“Right Ken but I need you to forward that autopsy report as soon as you log on. Just keep it to you and me for tonight. I know tomorrow’s Saturday but I’d like us to meet first thing and revue what’s happened so far and plan our way forward. Who else should be there? Core team stuff Ken!”
”No problem, we were expecting that. There’s three of us and I’ll do the introductions when we’re together. What time?”
“8.30 please, and let’s meet in your operation room so we’ll have the photos and the work in progress on the screens with us. Is that alright or will there be others working in there?”
“No, that should be fine unless something bad happens overnight. Anything else?”
They were already turning into the housing estate that hid the hotel as Lyn concluded by saying she wanted someone to drive her round the area tomorrow. She wanted to see the crime scenes and to get an idea of the patch as a whole. Just an ordinary constable would do – one of the searchers perhaps. She wanted to keep a clear mind as she looked with fresh eyes at the landscape. That wasn’t going to be a problem and she would be able to get away as soon as their meeting was over the next day. Their goodbyes were warmer than Ken Rudge had been expecting when the afternoon had started. He drove away looking forward to the next day’s meeting with renewed purpose.
Check in was simple and the warmth of the welcome reminded Lyn that this was Wales and the cool professionalism of London was behind her. The smart young man at the counter was professional but he asked questions you would not hear anywhere else.
“I like your accent. Is it west Wales, quite welshy but different like.” There was no cheek just honest interest. It seemed an odd interest though coming from a man in his twenties and not from the mamgu of one of her school friends in Aberystwyth.
“Oh I’m from Ceredigion originally but I’ve worked in London for years so it’s probably a bit of a mixture.”
“Ceredigion, I love it round there, we used to have a caravan between Aberporth and Tresaith when I was a boy. Do you know the Ship in Tresaith?” He was leaning across the reception desk enthusiastically chatting as if to a new next door neighbour.
“Sorry, not really, we didn’t go far from Aber for beaches, didn’t need to. I know of Aberporth of course. By the way, is your pool open? I’d like to have a swim later. And I want to order room service food tonight.”
“No problem, sorry I was rattling on. The pool is open until 9.00. Towels are in the changing rooms. You need to pick up a key here when you are ready. As far as the room service is concerned, the menu is in your room and you ring 250 to put through your order and the time you want food but the kitchen closes at 10. There’s a mini bar in the room as well. Anything else I can do for you?”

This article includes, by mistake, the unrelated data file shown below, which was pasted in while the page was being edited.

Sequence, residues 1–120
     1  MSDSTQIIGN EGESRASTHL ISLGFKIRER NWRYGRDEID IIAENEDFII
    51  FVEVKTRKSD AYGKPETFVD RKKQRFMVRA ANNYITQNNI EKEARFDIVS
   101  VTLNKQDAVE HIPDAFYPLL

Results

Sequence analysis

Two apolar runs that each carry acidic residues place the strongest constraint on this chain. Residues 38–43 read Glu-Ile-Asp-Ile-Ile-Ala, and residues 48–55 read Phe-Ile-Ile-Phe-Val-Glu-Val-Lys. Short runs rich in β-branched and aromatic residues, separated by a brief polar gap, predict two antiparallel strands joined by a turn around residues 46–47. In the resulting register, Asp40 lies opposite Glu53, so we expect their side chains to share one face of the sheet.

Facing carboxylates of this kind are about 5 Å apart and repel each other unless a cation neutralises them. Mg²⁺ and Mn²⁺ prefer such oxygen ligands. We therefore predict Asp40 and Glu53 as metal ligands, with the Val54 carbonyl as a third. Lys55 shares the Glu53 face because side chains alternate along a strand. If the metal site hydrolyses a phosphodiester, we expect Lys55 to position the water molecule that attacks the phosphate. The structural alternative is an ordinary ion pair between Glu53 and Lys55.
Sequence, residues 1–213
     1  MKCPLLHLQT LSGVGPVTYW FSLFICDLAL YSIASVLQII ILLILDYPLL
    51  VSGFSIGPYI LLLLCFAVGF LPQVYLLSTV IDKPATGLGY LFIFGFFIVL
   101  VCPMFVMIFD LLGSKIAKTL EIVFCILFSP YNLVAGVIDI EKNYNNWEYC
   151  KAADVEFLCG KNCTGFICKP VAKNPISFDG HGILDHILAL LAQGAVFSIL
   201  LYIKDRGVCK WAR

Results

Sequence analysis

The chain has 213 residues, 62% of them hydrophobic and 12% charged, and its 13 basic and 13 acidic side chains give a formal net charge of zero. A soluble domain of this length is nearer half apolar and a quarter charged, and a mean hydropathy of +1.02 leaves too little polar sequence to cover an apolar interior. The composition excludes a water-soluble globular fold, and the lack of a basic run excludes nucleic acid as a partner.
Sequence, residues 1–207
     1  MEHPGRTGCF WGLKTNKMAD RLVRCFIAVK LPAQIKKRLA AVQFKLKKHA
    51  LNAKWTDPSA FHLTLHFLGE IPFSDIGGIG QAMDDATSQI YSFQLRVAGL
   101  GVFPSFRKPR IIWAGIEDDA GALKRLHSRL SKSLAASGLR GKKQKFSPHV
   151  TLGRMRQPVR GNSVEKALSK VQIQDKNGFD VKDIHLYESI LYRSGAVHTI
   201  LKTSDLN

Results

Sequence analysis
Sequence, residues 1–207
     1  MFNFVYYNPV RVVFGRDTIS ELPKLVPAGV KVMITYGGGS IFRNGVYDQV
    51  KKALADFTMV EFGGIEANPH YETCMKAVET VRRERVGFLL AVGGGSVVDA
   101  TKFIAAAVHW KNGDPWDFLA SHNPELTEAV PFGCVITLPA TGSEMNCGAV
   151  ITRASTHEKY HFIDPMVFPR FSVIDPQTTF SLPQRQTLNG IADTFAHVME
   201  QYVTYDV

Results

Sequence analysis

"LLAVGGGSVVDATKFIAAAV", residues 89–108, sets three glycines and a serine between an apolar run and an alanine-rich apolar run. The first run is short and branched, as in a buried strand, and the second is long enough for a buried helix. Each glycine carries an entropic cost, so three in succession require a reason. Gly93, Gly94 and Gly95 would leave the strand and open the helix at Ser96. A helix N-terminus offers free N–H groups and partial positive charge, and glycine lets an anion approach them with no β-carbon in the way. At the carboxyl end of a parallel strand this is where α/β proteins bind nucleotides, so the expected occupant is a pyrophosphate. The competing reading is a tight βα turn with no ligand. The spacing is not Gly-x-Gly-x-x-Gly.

When Lyn finally got to her room she carefully reviewed the WhatsApp messages she had sent from the car and tapped out one more. One message had gone to her contact in GCHQ who had helped so much to accelerate the breakthrough in the modern slavery case which had made her reputation. Another message had gone to the head of the team working with the French police in Calais monitoring the criminal activity linked to people smuggling. A third message had gone to a long-time colleague who now worked with the Home Office facial recognition development team. One more message had to be sent. This was not business. It was harder to compose than the others and it was the only one she had promised to send. It was likely to be the last time she messaged him. Their future was now in the past and that decision had been made by him even if he had not and still did not realise it.
Swimming had long been used by Lyn as a chance for her to think things through. She swam steadily and as the lengths added up she found she had plenty to consider. She resolutely refused to let her mind dwell on the end of another relationship but concentrated solely on the complex mystery in front of her. She was pleased that Ken seemed a straightforward guy. She couldn’t have worked with someone hell bent on seeing her fail. She could immediately tell he was pleased to have a senior officer to share, and sometimes carry, the stress.